7. The formation and distribution of hippocampal synapses on patterned neuronal networks

    NASA Astrophysics Data System (ADS)

    Dowell-Mesfin, Natalie M.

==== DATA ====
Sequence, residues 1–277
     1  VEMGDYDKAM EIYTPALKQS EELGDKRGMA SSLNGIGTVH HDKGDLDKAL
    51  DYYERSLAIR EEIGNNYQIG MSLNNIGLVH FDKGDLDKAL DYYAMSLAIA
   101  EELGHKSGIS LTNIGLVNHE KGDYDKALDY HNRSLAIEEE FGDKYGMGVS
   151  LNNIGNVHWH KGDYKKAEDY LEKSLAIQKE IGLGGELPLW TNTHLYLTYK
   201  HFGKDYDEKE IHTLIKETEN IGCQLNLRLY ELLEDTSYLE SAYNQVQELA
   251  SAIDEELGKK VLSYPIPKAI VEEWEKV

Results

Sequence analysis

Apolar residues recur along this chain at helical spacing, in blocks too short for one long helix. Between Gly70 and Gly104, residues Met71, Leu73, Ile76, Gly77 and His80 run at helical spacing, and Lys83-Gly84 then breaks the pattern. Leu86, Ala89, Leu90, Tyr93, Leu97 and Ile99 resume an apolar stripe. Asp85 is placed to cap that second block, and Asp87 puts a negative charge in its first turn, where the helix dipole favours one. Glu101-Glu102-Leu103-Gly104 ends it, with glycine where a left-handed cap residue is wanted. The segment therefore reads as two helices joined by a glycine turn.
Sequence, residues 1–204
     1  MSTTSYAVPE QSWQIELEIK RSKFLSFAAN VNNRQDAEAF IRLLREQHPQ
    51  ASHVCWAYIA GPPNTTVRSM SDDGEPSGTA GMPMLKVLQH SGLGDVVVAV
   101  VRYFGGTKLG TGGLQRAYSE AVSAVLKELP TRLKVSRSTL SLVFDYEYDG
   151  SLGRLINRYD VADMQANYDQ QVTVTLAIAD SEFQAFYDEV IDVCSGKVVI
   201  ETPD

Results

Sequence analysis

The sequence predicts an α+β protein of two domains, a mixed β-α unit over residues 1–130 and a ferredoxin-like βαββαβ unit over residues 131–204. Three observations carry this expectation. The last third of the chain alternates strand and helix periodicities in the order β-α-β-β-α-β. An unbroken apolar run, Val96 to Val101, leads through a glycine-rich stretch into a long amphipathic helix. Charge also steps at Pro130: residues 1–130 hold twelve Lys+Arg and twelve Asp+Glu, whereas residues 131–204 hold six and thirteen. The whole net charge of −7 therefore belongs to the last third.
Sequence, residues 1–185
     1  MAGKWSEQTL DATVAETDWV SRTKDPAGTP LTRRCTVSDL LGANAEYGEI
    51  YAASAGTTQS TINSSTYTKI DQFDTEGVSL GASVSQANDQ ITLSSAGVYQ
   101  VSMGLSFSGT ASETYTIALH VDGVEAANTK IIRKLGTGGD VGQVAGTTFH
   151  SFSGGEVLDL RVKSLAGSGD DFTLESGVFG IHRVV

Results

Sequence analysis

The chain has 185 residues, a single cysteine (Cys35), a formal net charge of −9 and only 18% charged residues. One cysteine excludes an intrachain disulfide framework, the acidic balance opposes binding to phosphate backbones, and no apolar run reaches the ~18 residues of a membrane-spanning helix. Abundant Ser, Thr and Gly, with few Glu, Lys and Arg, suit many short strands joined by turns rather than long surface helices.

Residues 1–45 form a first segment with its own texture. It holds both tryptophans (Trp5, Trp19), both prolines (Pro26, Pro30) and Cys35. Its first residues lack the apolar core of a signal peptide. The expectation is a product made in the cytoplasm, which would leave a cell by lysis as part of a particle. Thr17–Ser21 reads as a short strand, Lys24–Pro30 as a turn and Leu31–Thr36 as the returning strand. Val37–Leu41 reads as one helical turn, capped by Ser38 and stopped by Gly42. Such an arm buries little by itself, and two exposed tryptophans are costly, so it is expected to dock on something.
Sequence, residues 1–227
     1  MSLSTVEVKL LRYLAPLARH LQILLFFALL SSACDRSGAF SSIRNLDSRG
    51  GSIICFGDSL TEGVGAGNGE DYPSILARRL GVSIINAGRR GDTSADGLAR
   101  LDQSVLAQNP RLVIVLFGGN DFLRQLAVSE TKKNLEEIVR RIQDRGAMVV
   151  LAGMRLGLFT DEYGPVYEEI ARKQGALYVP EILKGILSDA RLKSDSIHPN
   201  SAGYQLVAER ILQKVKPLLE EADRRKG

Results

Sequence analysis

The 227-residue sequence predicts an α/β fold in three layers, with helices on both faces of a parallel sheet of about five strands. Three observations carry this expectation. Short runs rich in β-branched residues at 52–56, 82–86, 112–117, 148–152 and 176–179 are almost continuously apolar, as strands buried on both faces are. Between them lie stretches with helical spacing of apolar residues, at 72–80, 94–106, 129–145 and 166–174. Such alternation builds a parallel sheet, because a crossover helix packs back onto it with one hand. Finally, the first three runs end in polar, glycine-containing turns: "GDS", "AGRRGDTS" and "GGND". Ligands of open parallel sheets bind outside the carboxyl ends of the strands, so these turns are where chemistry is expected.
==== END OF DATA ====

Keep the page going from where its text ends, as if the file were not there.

Communication within the central nervous system is highly orchestrated with neurons forming trillions of specialized junctions called synapses. In vivo, biochemical and topographical cues can regulate neuronal growth. Biochemical cues also influence synaptogenesis and synaptic plasticity. The effects of topography on the development of synapses have been less studied. In vitro, neuronal growth is unorganized and complex making it difficult to study the development of networks. Patterned topographical cues guide and control the growth of neuronal processes (axons and dendrites) into organized networks. The aim of this dissertation was to determine if patterned topographical cues can influence synapse formation and distribution. Standard fabrication and compression molding procedures were used to produce silicon masters and polystyrene replicas with topographical cues presented as 1 mum high pillars with diameters of 0.5 and 2.0 mum and gaps of 1.0 to 5.0 mum. Embryonic rat hippocampal neurons grown unto patterned surfaces. A developmental analysis with immunocytochemistry was used to assess the distribution of pre- and post-synaptic proteins. Activity-dependent pre-synaptic vesicle uptake using functional imaging dyes was also performed. Adaptive filtering computer algorithms identified synapses by segmenting juxtaposed pairs of pre- and post-synaptic labels. Synapse number and area were automatically extracted from each deconvolved data set. In addition, neuronal processes were traced automatically to assess changes in synapse distribution. The results of these experiments demonstrated that patterned topographic cues can induce organized and functional neuronal networks that can serve as models for the study of synapse formation and plasticity as well as for the development of neuroprosthetic devices.